- —On the technical side, the Soviets have supported our efforts in ICAO towards a security annex to the Chicago Convention but we doubt that they have urged other states bilaterally to improve airport and carrier security systems
- —Politically, the Soviets have not been very helpful. Though they have sometimes issued appropriate statements following tragedies, they have shown no willingness to urge actions against terrorists in bilateral contacts with other states. They have been reluctant in international fora to oppose the Afro-Arab bloc when it seeks to justify terrorism in the name of national liberation. The Soviets are believed to have knowingly permitted SA-7’s to be transferred to fedayeen, and have never-given us convincing assurances that these weapons will be kept out of irresponsible hands. These missiles have now spread to Western Europe and pose a grave threat to international civil aviation. We have never explored with the Soviets the possibility of forewarning each other of impending terrorist attacks when such action would not expose an intelligence source.
1. Enlist Soviet support for a new multilateral lawmaking initiative.
Pro:—would be viewed with less suspicion by our allies and others concerned about increasing U.S.- Soviet bilateralism;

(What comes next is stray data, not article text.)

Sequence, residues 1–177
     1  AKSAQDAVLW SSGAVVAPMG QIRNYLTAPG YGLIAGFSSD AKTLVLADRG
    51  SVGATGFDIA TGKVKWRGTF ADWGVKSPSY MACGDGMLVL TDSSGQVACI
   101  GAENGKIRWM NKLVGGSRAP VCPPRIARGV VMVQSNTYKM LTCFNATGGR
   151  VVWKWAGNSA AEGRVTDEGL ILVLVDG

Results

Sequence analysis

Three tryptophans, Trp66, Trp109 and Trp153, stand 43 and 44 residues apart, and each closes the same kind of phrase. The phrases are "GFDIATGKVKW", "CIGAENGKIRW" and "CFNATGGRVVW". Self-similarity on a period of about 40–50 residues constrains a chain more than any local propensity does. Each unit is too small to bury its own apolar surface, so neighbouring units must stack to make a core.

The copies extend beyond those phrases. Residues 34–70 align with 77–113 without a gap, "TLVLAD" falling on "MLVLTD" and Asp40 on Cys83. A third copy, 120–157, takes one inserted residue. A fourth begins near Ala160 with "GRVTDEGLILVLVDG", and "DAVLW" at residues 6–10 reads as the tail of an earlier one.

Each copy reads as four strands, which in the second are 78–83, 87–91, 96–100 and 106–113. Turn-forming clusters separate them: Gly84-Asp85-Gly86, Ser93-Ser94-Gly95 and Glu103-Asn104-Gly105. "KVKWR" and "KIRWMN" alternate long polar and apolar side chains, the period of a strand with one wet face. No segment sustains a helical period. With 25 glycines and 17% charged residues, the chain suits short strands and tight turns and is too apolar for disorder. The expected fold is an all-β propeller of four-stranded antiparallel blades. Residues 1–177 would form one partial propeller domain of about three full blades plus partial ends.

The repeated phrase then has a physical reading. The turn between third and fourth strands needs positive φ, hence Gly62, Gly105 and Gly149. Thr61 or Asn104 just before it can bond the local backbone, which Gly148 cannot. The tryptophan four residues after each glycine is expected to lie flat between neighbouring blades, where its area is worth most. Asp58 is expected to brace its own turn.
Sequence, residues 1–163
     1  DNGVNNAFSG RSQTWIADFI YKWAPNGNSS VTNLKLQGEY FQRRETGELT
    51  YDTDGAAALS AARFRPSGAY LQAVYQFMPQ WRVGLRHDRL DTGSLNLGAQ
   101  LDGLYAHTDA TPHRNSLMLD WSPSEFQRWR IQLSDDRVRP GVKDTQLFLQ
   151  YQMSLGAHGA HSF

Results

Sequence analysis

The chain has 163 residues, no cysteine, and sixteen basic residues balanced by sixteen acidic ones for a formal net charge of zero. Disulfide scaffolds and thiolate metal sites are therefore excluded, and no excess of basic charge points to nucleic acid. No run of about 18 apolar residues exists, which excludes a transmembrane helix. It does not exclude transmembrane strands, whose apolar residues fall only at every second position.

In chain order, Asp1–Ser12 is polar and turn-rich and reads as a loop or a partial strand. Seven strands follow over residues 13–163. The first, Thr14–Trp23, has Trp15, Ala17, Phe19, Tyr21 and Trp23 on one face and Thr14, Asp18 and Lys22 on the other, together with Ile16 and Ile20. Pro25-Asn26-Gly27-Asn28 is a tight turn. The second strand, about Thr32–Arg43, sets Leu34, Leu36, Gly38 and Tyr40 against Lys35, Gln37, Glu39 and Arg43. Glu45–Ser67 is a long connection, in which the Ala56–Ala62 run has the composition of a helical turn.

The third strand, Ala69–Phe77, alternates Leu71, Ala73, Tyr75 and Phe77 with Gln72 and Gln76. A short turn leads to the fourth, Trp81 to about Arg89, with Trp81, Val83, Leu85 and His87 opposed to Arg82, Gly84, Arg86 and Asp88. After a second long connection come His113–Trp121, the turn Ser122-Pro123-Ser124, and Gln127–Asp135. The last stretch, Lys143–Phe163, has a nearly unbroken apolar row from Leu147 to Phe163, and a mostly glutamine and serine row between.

—successful negotiation of protection of diplomats convention provides some hope that progress [Page 4]could be made of another special purpose convention, e.g. on the taking of hostages (a Belgian suggestion).
Con:—would first need Soviet commitment publicly to resist efforts to incorporate exceptions into proposal covering terrorist acts by “national liberation groups”;
—total failure of Rome ICAO meetings makes multilateral initiative in aviation field pointless, at this time;
—open point US-Soviet initiative could provoke negative reactions that might not be generated by proposal emanating from different quarters;
—Soviet conduct at Rome meeting indicates they were generally disinterested in further aviation law initiatives in any event;
—time-consuming and exhausting, albeit successful, negotiations of a way to treat “national liberation” issue with regard to the protection of diplomats convention indicate that similar difficulties might be more pronounced, perhaps preventing success on a new special purpose convention.